Assembling Moral Mobilities: Cycling, Cities, and the Common Good
Text from the publisher:
Nocholas A. Scott. University of Nebraska Press 2020. 288 p.
In the years since the new mobilities paradigm burst onto the social scientific scene, scholars from various disciplines have analyzed the social, cultural, and political underpinnings of transport, contesting its long-dominant understandings as defined by engineering and economics. Still, the vast majority of mobility studies, and even key works that mention the “good life” and its dependence on the car, fail to consider mobilities in connection with moral theories of the common good.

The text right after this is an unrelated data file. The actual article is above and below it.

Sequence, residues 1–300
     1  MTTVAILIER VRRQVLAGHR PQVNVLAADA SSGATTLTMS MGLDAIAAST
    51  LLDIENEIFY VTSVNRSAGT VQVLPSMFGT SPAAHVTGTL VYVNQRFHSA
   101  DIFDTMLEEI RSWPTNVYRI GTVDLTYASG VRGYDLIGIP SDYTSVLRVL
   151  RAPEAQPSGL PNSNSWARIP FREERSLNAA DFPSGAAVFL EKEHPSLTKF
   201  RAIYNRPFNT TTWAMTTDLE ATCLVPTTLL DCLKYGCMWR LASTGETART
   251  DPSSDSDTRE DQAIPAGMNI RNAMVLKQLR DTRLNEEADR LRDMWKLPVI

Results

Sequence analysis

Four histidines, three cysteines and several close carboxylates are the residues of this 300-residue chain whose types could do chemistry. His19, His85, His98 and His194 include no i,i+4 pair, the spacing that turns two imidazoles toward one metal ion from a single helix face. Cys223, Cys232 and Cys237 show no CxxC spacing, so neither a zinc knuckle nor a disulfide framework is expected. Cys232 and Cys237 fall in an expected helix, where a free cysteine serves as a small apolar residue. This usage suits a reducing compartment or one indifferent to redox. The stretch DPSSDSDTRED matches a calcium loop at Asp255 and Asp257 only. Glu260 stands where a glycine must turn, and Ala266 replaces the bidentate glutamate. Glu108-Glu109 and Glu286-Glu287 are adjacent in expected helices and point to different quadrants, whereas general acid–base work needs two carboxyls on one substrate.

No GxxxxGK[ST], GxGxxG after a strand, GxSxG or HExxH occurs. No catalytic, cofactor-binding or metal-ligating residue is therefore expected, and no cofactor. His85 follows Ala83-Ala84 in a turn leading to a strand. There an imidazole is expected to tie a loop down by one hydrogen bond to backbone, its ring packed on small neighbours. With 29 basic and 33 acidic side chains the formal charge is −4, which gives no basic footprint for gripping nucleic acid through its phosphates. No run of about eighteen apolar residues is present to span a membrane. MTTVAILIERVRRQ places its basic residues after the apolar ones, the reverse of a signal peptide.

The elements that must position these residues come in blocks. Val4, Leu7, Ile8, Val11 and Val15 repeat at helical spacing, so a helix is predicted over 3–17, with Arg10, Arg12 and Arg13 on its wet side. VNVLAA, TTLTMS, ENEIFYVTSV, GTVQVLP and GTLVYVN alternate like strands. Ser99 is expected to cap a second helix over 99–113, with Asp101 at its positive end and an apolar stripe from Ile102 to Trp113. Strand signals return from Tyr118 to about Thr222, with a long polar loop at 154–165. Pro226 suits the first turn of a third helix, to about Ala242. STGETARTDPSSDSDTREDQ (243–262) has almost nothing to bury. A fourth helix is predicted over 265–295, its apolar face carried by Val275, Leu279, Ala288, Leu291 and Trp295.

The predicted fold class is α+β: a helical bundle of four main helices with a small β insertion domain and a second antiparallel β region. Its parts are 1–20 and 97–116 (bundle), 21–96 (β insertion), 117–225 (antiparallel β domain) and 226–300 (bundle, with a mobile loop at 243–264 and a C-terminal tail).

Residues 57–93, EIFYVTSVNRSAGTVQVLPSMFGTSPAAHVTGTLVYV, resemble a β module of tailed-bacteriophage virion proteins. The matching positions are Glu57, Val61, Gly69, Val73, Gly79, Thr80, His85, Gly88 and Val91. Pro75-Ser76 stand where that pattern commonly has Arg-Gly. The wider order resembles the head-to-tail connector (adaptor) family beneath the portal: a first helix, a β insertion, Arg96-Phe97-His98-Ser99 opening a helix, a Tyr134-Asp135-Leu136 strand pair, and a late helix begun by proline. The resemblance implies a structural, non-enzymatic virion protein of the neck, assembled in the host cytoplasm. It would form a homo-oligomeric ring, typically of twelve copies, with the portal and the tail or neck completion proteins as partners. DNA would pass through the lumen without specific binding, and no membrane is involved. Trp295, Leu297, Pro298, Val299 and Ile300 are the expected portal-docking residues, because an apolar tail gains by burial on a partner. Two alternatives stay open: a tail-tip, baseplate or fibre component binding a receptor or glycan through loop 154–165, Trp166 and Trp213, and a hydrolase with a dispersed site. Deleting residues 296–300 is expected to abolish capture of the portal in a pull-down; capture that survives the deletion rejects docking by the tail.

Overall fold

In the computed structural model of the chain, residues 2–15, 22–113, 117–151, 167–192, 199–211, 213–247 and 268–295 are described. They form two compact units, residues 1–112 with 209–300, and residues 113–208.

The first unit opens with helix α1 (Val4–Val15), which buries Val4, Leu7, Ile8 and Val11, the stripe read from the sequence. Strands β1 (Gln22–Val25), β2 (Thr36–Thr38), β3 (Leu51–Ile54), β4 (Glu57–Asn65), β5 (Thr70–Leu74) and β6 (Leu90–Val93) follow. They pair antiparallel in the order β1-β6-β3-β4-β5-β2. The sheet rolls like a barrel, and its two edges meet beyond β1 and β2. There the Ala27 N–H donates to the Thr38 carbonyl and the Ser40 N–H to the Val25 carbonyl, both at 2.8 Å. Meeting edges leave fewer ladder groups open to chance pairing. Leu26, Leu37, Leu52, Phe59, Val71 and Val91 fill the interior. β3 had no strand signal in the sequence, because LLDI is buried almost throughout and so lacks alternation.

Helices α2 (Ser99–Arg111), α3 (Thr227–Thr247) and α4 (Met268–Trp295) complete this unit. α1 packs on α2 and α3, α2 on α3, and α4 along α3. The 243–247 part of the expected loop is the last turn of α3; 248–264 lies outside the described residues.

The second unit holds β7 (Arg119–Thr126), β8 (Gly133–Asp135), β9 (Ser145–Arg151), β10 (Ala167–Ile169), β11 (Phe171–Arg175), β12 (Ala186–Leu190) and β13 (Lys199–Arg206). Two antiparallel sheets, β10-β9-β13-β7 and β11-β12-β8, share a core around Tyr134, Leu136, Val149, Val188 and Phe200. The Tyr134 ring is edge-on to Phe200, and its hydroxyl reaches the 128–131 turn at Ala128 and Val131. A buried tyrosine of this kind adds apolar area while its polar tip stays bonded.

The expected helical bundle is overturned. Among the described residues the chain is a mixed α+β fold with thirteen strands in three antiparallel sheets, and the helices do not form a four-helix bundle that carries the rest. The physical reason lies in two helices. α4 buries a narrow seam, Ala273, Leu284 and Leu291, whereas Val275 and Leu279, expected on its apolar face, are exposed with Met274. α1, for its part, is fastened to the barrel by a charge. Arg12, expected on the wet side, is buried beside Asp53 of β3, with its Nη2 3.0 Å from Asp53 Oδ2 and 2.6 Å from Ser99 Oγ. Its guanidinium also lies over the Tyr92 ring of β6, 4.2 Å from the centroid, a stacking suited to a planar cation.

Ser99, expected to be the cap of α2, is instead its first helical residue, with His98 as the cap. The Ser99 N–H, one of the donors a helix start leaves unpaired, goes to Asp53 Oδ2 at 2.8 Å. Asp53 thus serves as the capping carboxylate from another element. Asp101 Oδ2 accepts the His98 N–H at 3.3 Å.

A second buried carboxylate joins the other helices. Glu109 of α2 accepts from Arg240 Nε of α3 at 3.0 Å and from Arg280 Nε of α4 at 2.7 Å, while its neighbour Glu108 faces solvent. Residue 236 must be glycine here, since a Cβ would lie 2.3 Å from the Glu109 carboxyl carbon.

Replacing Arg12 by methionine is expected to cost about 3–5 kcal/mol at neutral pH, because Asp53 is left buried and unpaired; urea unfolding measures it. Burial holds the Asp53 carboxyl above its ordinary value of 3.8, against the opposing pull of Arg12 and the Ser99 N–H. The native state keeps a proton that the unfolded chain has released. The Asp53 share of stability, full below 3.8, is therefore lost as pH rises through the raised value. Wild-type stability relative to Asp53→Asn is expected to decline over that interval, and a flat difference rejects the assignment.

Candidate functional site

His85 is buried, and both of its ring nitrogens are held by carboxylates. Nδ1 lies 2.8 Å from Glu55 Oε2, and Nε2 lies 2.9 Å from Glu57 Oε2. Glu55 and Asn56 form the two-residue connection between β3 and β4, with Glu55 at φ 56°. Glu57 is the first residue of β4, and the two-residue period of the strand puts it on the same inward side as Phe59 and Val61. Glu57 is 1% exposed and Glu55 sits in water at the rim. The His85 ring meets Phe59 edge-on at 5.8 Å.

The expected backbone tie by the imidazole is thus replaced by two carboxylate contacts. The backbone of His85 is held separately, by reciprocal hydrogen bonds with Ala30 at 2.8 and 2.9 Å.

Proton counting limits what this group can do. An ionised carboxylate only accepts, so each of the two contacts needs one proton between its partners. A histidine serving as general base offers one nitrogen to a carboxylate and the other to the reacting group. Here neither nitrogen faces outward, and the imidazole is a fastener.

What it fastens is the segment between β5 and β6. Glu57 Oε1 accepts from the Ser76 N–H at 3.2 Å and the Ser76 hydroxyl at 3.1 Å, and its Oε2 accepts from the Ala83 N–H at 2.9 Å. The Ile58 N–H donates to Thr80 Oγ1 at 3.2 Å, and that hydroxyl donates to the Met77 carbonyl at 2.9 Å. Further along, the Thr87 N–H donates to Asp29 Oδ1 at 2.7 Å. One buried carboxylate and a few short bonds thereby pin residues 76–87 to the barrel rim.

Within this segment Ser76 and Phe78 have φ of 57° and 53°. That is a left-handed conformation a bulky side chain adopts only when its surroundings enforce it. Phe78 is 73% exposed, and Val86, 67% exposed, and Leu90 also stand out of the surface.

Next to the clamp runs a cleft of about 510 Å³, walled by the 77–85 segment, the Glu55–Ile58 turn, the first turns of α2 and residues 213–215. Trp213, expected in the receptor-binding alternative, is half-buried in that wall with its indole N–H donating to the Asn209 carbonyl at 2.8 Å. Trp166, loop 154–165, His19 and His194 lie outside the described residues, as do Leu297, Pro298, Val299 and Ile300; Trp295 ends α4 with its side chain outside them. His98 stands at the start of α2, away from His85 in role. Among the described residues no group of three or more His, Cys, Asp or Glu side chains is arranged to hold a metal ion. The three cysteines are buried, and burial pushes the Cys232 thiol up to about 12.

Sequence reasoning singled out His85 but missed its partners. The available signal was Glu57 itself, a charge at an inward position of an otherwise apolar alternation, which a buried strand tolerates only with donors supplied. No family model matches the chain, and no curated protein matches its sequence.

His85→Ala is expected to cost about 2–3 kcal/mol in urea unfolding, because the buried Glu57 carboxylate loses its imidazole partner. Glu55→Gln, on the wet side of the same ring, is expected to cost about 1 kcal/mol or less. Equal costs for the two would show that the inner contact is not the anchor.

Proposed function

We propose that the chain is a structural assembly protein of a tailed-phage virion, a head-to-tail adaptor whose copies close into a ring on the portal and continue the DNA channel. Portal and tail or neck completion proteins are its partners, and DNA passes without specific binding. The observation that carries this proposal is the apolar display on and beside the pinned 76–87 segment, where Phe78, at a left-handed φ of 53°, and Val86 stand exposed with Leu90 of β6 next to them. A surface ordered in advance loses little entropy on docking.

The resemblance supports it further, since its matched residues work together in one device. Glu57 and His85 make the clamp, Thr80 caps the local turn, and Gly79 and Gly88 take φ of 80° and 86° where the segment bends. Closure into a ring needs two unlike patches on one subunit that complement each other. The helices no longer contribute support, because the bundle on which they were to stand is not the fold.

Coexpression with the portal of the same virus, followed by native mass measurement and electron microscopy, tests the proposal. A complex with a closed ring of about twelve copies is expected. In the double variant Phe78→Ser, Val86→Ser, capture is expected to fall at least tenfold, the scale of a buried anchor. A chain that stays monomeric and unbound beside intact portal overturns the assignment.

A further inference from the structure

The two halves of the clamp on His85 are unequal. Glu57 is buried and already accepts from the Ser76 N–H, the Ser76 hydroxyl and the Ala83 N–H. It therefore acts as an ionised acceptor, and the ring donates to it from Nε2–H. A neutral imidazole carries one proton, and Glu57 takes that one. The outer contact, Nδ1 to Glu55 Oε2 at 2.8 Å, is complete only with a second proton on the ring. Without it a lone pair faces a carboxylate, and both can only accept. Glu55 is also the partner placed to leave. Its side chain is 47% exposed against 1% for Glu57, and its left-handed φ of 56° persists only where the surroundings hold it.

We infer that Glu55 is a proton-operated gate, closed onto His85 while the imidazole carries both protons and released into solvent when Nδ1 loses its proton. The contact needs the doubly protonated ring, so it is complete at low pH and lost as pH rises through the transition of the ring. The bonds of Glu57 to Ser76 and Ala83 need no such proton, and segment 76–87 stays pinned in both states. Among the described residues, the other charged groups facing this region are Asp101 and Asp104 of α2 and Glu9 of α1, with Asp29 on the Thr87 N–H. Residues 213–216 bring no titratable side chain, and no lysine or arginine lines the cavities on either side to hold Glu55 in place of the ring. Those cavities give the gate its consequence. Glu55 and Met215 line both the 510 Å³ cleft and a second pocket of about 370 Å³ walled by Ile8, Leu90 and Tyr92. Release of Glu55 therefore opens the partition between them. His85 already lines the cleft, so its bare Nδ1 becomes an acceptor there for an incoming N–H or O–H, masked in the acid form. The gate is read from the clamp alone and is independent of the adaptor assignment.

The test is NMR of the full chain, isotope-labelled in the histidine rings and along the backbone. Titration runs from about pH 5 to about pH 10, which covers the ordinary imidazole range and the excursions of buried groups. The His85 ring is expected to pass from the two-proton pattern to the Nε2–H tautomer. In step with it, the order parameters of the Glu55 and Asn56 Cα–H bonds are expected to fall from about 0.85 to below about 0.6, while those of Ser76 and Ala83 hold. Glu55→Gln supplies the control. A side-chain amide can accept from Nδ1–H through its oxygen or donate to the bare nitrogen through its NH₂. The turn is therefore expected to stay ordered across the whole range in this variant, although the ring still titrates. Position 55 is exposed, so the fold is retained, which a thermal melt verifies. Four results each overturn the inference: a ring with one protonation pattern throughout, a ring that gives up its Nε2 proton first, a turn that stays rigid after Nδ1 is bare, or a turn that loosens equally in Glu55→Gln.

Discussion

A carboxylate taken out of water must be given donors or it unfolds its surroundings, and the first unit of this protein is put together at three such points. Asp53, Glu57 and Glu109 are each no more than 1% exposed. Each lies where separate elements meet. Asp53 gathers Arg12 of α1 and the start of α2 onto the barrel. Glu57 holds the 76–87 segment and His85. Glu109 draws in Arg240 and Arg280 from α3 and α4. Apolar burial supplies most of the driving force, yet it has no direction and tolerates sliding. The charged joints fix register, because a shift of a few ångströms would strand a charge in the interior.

In Assembling Moral Mobilities Nicholas A. Scott presents novel ways of understanding how cycling and driving animate urban space, place, and society and investigates how cycling can learn from the ways in which driving has become invested with moral value. By jointly analyzing how driving and cycling reassembled the “good city” between 1901 and 2017, with a focus on various cities in Canada, in Detroit, and in Oulu, Finland, Scott confronts the popular notion that cycling and driving are merely antagonistic systems and challenges social-scientific research that elides morality and the common good. Instead of pitting bikes against cars, Assembling Moral Mobilities looks at five moral values based on canonical political philosophies of the common good, and argues that both cycling and driving figure into larger, more important “moral assemblages of mobility,” finally concluding that the deeper meta-lesson that proponents of cycling ought to take from driving is to focus on ecological responsibility, equality, and home at the expense of neoliberal capitalism. Scott offers a fresh perspective of mobilities and the city through a multifaceted investigation of cycling informed by historical lessons of automobility.